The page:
Silences


What an odd boy, they used to say of me.

(They’re still saying it.)
But I’m a writer, my dear, and not right in the head.
That’s all it is. But I do know how to
take my time and listen,
sitting under the willow tree in the spring as the birds
bring me happy messages from…God?
I take my time with other important things, too,
so lay your warm
curves of water here beside me.

If I please you,
You may pay me back with your
second sight,
and tell me where my
true nature hides,
where my pain
scuttles unhealed,
my illusions fester.

I will love you all the more for it.
These are gifts we give, freely
and they bind us in profound ways
because they reveal. Continue reading “Silences”

Vanities


Feel your belly button,
where you were attached to
your mother. But
try not to think about
about the night you were conceived.
Whether it was a result of
a hand up a skirt, urgent kisses
and fevered promises
and premature explanations
on your mother’s couch.
(After consultations with
your inner editor,
let’s instead say it was
after a long talk over wine,
Chopin on the stereo,
tender kisses and happy plans.)

What does it matter now? You’re here.
Don’t screw up.
That’s what it comes down to.

Or wind your watch forward
(humor me, you digital ones)
a thousand years.
Was there ever a coffin
built to last the whole trip?
One that was worth the price?
We could ask Tutenkamen, I suppose,
(Who was bad at office politics
and is still dead.) Continue reading “Vanities”

Too Anything


She said it was too hot,
too slow,
too fat,
too skinny,
too long,
too short,
too near,
too far,
too messy,
too loose,
too tight,
too much,
too little,
too soon,
too late.

We were too drunk. Too stoned. Then, in the afternoon,
too sober.

But it was not, and never would be, too anything.
Except, maybe, too unkind.

What Gives You Peace of Mind?


For a little change of pace, I’m sharing an essay I wrote for “Storyworth”, a family history/memoir project brought to me by my two sons. When I run out of gas, or they run out of questions–or both– we’ll end up with a bound hard-copy book for each of us that will be, essentially, my memoir, driven by their questions, and done one week at a time. The following is this week’s essay.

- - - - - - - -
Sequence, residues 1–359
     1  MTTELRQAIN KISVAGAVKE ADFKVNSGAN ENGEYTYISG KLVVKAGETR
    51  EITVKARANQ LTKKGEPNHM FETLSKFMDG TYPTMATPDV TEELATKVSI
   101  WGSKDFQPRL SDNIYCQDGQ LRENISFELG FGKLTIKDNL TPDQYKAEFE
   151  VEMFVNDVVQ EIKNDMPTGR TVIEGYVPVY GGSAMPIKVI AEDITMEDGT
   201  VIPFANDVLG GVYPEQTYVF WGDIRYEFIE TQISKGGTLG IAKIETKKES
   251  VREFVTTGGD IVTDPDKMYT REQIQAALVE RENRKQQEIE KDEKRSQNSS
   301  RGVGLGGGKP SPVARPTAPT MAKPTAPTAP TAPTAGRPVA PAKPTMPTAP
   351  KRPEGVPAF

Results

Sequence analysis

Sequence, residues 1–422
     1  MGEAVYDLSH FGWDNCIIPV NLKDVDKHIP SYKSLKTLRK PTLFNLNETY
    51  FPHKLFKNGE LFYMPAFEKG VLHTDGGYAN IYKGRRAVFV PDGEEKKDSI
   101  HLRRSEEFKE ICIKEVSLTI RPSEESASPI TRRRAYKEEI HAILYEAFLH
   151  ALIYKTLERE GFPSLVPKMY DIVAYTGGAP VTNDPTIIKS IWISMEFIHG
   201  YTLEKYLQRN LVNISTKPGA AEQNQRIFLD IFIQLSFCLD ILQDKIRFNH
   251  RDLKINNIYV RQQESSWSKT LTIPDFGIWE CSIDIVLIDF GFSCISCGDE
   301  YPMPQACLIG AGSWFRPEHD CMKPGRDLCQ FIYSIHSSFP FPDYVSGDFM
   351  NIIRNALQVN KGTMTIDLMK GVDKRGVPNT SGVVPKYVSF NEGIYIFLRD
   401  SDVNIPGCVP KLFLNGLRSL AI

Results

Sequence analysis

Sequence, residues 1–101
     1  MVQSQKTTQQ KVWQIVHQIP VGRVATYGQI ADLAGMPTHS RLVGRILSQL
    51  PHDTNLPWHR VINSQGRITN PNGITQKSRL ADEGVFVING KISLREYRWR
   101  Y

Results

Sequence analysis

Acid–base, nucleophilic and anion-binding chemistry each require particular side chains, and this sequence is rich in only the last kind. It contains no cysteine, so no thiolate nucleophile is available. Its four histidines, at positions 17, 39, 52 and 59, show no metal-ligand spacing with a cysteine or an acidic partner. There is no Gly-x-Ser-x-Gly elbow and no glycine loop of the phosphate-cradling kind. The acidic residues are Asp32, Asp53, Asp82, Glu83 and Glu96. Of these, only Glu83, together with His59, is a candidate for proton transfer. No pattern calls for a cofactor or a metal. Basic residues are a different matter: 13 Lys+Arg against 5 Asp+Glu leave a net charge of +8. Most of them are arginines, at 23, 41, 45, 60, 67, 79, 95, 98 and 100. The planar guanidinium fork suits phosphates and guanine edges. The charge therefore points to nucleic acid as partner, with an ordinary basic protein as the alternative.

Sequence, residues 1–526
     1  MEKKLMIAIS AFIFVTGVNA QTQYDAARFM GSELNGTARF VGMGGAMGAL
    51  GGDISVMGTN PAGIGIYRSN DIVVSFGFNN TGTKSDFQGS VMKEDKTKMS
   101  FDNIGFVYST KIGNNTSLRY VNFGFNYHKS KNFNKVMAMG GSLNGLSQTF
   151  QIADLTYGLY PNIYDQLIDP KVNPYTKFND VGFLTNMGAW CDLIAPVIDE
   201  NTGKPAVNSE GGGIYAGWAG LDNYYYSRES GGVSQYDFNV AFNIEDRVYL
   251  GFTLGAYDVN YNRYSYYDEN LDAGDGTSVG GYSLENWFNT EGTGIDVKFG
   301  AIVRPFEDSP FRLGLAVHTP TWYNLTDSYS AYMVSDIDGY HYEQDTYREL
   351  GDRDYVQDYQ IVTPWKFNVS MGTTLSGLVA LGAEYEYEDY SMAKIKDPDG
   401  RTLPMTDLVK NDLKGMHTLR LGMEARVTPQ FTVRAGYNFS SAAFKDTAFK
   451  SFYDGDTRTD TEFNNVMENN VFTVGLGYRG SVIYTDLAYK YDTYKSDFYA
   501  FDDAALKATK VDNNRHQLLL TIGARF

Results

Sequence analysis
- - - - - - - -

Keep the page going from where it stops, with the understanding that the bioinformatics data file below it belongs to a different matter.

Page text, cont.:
______________________________________________________

What Gives You Peace of Mind? you ask… 

Well… I have to take exception to the premise of this question. At least a little. I’m not against peace of mind in general, but just that I’m not sure that ought to be the goal. Or my goal, anyway.

And I think there’s a difference between being “happy” and having “peace of mind”. And there’s also a time element on both, and on unhappiness, too: nothing seems to be permanent, good or bad.

Lemme see if I can untangle that.

Continue reading “What Gives You Peace of Mind?”

It Is Something To Have Been


Karma-New-Orleans-Louisiana-USA-4
“Karma,” New Orleans, Louisiana, USA. An impressive sculpture is located in the Sydney and Walda Besthoff Sculpture Garden, which is found at the New Orleans Museum of Art. It is made by Korean artist Do Ho Suh.

I am well past my 20s,
that golden time
when I only saw a little—and even that
with optimistic eyes.

I’m past the days of cheap
apartments with friends and wine and roaches,
lentils and rice for breakfast,
or leftover cold pizza.

I’m beyond learning of
war and death and pestilence.
The visitations of grief
have marked me, too.

Gone is the luxury of
happy, uninformed innocence,
the blind and smug assurance
that comes with youth.

Continue reading “It Is Something To Have Been”

I Want


I wanted to be Steve Jobs
I wanted to be Joni Mitchell
I wanted to be Leonard Cohen
I wanted to be Carl Sagan,
Bobby Kennedy.
I wanted to be that person, they’ll say,
“yeah, whatever happened to him?”
The way people do, about certain
Rare, shining talents, like Joni, or Steve,
Or Carl.
Mysteries that can’t be explained.

Continue reading “I Want”

A Fantasy of Permanent Youthfulness


I’m racing the inevitable,
my only weapon an
optimistic fantasy
of permanent youthfulness.

The 1970s are to blame.
My generation is to blame.
We started this crap,
pretending we could play
where, before,
only teenagers and children could.

In my head, I’m still about 32,
on a stone patio of
a casino in Saint Tropez, in sandals,
skimpy swimming trunks,
Continue reading “A Fantasy of Permanent Youthfulness”